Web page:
Does the air coming from your supply registers abruptly feel not cold enough? Look at the indoor part of your air conditioner. This piece is located inside your furnace or air handler, if you rely on a heat pump. If there’s water seeping onto the floor, there might be ice on the evaporator coil. The AC coil within the equipment may have frozen over. You’ll need to thaw it before it can cool your house again.
Here’s what to do. If you can’t get the coil back to normal, Service Experts Heating & Air Conditioning is here to help with air conditioning repair in Houston that includes a a 100% satisfaction guarantee.*
Step 1: Set the Air Conditioning to Off and the Blower On
To get started—move the thermostat from “cool” to “off.” This prevents chilled refrigerant from going to the outdoor compressor, which could hurt it and result in a costly repair.
After that, move the fan from “auto” to “on.” This produces warm airflow over the crystallized coils to make them melt faster. Make sure to set the cooling mode to “off” so the air conditioner doesn’t trigger a cooling cycle.
It might take under an hour or most of the day for the ice to thaw, depending on the level of the ice. While you’re waiting, watch the condensate pan underneath the AC unit. If the drain line is blocked, it may create a mess as the ice melts, possibly causing water damage.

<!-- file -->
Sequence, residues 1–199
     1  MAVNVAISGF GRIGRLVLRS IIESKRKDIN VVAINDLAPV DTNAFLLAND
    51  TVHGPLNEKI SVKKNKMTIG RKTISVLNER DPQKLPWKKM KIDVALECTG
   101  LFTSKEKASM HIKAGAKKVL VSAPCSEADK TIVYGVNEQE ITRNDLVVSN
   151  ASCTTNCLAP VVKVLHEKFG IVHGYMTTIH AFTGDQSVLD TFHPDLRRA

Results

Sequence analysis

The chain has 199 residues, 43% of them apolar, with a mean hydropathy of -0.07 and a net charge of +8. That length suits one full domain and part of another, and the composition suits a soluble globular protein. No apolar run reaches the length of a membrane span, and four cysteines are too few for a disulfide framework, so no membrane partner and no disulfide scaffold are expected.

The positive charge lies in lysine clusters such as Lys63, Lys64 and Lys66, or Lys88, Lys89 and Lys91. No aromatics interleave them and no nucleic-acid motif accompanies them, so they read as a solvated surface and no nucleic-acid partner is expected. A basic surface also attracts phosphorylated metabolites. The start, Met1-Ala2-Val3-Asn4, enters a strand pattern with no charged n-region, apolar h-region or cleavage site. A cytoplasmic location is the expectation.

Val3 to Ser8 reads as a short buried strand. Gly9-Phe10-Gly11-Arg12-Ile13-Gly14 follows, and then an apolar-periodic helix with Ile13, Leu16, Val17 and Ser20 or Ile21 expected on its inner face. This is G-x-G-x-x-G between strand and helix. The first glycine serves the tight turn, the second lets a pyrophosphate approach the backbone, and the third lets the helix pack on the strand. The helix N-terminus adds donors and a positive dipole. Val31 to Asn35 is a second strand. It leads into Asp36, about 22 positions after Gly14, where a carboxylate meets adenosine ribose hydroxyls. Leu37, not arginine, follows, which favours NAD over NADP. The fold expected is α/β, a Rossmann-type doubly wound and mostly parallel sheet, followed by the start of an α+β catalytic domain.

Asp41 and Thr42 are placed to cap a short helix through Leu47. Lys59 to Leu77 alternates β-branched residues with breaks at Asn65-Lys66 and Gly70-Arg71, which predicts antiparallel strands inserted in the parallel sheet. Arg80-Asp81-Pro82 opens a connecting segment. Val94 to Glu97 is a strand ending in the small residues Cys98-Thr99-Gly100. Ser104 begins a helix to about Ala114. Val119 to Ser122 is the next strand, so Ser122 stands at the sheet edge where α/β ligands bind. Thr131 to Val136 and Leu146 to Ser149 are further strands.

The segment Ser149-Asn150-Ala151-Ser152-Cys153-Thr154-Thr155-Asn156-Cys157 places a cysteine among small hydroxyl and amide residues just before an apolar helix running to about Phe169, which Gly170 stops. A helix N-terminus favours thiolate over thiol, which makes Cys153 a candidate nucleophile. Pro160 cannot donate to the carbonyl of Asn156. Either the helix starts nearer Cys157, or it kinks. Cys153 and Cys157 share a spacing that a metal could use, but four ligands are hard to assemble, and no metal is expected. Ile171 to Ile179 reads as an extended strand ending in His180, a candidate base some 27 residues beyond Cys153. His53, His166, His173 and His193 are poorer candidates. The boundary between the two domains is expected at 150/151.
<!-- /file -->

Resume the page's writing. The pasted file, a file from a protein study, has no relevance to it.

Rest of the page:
Step 2: Troubleshoot the Issue
Low airflow is a prime reason for an AC to freeze up. Here’s how to figure out the situation:
- Check the filter. Low airflow through a clogged filter could be the issue. Check and replace the filter once a month or once you notice a layer of dust.
- Open any sealed supply vents. Your house’s supply registers should remain open all the time. Sealing vents limits airflow over the evaporator coil, which might result in it freezing.
- Check for obstructed return vents. These typically don’t use shiftable louvers, but furniture, rugs or curtains can still block them.
- Low refrigerant: While airflow restrictions are the most typical cause, your air conditioner may also not have enough refrigerant. Depending on its age, it may have Freon®. Low refrigerant requires pro support from a certified HVAC specialist. H2: Step 3: Get in Touch with an HVAC Pro at Service Experts Heating & Air Conditioning
If low airflow doesn’t appear to be the issue, then another issue is causing your AC frost over. If this is what’s occurring, simply letting it melt won’t fix the problem. The evaporator coil is likely to continually freeze unless you fix the main problem. Call an HVAC professional to check for issues with your air conditioner, which can include:
- Refrigerant leak: AC units keep using refrigerant, so it shouldn’t run low. Low refrigerant indicates a leak somewhere. Only a technician can locate the leak, repair it, and recharge the air conditioner to the appropriate amount.
- Grimy evaporator coil: If grime builds up on the coil, air can’t get to it, and it’s liable to freeze.
- Nonfunctional blower: A broken motor or unbalanced fan could prevent airflow over the evaporator coil.
When your AC freezes up, get in touch with the ACE-certified techs at Service Experts Heating & Air Conditioning to fix the problem. We have years of experience helping homeowners check their air conditioners, and we’re sure we can get things operating again fast. Contact us at (713) 352-7887 to book air conditioning repair in Houston with us today.
*Not applicable to the Advantage Program. See your signed Advantage Program agreement for full details and exclusions. 100% Satisfaction Guarantee is subject to certain restrictions and limitations as set forth in the applicable Terms and Conditions.